3-Minute Guide to the Diamond Painting DMC Color Chart

Diamond painting DMC color chart

When you order a diamond painting kit from Dreamer Designs, every kit comes with presorted diamonds, DMC storage stickers, and of course the Dreamer Cloud Canvas, which features a list of diamond colors along with their DMC codes. So what are these DMC codes all about?

The short answer is that they’re an easy way to categorize and sort colors—but they’re also much more than that! In fact, these codes didn’t originate within the diamond painting community. They have quite a bit of backstory behind them! Here’s a quick guide to help you learn all about how these codes work.

History and Origins of the DMC Color Chart

DMC stands for Dollfus-Mieg and Company, which was founded in 1746. They’re a textile company still in business today, and highly regarded for the embroidery floss and yarn that they produce. They’re the ones who created the DMC codes associated with floss and yarn. The idea is that each color, whether floss or yarn, has a code associated with it. So, DMC 208 is always a dark purple whether you’re buying floss or yarn, and DMC 307 is always a bright yellow.

Throughout the craft world, lots of manufacturers and crafting communities have adopted the DMC color codes as a means to have a unified system classifying a broad range of colors. Diamond painting is no exception—many companies producing drills and kits have also adopted the DMC system.

Why Do Diamond Painters Use DMC Numbers?

There are lots of reasons! To start, the DMC color coding system is a ready-made system that features hundreds of colors, so it’s a standardized way to organize many different shades.

Another reason why it is useful is because it is universal. If you have drills in a specific DMC color and you want to make fiber arts using the same colors, you can easily find yarn or floss to match. This color coding system is convertible, too. You’ll find conversion charts online that will take your DMC codes and convert them to RGB values or hex codes if you need to find shades using a different code format.

Speaking of universality, within the realm of diamond painting, using DMC codes means that if you ever run out of drills in a certain shade, you can always order more in the same color by using the DMC code—though please be aware that between drill manufacturers, there may be very slight color variations.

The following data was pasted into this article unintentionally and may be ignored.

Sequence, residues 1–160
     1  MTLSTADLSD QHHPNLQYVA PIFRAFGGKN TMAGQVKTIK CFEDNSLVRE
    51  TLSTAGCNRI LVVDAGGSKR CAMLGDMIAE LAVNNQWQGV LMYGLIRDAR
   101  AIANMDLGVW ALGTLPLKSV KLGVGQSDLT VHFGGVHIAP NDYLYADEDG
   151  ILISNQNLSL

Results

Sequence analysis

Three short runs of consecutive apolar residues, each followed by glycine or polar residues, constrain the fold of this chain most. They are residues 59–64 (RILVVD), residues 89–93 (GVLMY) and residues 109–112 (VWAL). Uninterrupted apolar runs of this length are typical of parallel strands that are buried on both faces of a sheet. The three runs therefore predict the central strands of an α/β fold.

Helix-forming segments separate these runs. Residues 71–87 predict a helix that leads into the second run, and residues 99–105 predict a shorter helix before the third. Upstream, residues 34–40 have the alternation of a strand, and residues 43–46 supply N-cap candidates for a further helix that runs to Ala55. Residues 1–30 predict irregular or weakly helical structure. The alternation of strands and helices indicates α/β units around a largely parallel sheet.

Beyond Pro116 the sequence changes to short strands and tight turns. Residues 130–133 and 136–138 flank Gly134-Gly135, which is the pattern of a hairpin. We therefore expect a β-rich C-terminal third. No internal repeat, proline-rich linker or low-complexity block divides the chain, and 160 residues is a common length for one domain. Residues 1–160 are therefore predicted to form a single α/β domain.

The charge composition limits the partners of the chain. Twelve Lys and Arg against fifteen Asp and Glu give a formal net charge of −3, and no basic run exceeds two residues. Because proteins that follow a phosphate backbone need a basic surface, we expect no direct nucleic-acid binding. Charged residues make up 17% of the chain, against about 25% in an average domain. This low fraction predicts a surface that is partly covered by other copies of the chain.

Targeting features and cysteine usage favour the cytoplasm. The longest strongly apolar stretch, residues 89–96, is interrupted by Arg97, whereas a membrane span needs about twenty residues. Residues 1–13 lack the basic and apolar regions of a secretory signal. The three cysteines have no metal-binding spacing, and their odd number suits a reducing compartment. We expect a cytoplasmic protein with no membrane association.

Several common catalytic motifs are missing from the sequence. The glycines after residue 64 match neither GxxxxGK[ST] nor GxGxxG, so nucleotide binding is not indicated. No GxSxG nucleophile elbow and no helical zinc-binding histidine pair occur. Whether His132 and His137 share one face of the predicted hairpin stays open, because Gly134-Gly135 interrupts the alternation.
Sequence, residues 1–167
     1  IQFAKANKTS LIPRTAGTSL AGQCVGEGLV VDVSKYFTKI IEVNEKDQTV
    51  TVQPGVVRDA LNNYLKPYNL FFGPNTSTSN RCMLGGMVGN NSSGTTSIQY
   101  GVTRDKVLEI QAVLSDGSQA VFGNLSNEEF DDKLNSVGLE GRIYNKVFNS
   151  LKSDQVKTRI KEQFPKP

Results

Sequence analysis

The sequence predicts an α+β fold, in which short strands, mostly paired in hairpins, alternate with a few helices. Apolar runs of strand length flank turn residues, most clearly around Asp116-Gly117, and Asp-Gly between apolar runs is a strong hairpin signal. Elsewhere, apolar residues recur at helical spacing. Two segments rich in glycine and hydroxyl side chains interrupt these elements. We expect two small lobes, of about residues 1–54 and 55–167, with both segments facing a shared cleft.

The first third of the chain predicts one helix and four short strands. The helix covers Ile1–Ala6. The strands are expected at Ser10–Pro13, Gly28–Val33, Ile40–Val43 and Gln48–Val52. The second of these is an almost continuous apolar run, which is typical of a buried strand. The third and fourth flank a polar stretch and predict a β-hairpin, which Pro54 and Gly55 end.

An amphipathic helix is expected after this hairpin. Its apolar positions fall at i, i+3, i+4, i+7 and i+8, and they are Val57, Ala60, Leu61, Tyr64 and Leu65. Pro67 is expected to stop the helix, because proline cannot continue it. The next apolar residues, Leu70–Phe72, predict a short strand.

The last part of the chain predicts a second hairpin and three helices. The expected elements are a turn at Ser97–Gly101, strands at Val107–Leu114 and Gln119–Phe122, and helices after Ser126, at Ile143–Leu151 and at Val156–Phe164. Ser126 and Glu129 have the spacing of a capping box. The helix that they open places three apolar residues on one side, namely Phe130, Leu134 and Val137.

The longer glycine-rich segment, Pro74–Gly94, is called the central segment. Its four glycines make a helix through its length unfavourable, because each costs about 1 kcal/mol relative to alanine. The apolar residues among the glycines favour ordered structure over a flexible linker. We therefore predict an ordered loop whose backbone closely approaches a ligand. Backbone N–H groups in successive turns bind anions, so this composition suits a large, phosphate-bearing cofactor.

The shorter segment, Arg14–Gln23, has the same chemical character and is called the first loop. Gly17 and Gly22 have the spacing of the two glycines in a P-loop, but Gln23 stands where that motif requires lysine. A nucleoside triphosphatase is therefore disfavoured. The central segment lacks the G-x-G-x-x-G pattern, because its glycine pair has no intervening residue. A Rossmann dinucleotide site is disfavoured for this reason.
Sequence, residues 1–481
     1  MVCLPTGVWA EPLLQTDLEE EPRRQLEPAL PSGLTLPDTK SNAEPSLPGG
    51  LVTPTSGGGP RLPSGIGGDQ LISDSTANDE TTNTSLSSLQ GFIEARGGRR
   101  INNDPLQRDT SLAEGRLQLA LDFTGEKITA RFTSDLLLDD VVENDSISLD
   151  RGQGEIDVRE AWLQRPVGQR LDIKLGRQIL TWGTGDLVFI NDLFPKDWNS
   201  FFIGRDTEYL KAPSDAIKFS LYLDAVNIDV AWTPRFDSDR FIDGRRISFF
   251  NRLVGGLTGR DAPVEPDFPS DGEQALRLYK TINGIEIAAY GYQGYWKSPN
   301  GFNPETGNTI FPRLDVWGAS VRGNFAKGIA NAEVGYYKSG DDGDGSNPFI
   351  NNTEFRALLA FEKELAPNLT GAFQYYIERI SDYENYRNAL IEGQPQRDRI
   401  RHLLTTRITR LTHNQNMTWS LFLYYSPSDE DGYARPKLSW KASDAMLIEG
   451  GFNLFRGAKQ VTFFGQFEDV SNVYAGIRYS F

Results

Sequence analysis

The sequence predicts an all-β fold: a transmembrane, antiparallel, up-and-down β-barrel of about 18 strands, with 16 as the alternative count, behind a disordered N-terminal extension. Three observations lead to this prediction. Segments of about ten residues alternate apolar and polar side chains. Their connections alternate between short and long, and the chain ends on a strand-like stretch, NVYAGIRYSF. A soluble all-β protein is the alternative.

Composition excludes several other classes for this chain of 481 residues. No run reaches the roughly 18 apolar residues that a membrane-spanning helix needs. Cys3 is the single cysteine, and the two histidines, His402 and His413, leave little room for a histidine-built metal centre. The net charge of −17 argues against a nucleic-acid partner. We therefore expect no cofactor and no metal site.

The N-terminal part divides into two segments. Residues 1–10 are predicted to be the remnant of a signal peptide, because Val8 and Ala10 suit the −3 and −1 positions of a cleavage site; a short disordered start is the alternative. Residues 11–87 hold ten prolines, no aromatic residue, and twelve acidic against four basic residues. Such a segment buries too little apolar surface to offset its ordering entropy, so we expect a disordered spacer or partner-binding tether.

This system also allows you to sort, store and reuse your drills in future projects. Use the DMC code stickers to keep your drills sorted by their correct codes, and the next time you have a project calling for these colors, feel free to use them!

How to Make Your Own DMC Color Chart

You’ll find DMC color charts available online for threads, yarns and diamond drills—and these are useful for helping identify colors. However, if you’re a serious diamond painter, your best bet will be to make your own DMC color chart.

The reason for this is simple: the DMC system classifies a lot of shades that look very similar to one another. If you’re using a printed chart or a chart displayed on your computer’s monitor, differences in printer technology or the way your monitor displays color may lead to inaccuracies. For instance, you might confuse a slightly pinker red with one that is more orange simply due to the way your monitor or printer’s color is calibrated.

To make your own chart, choose a backer of some sort. Card stock or poster board are two sturdy options that you can easily cut into the shapes and sizes you’d like. Whenever you get new drills, glue one of each color to your chart and write down the corresponding DMC code next to it.

This can be a fun little craft project in and of itself. You can sort codes in numerical order, classify them by color family, or sort your chart by order of rainbow—whatever organization method is easiest and most fun for you!

Once you’ve made a DMC color chart, you’ll find it incredibly useful. Ever accidentally dropped a tray of diamonds on the floor? Use your chart to match up the mixed colors and re-sort them according to their codes. Charts are also useful if you receive drills from manufacturers who do not use the DMC system. Use the chart to identify each shade.

The DMC system might seem confusing at first, but it’s a simple system that helps you keep colors organized. Once you learn how to use it, it’ll make sorting and ordering drills much easier!

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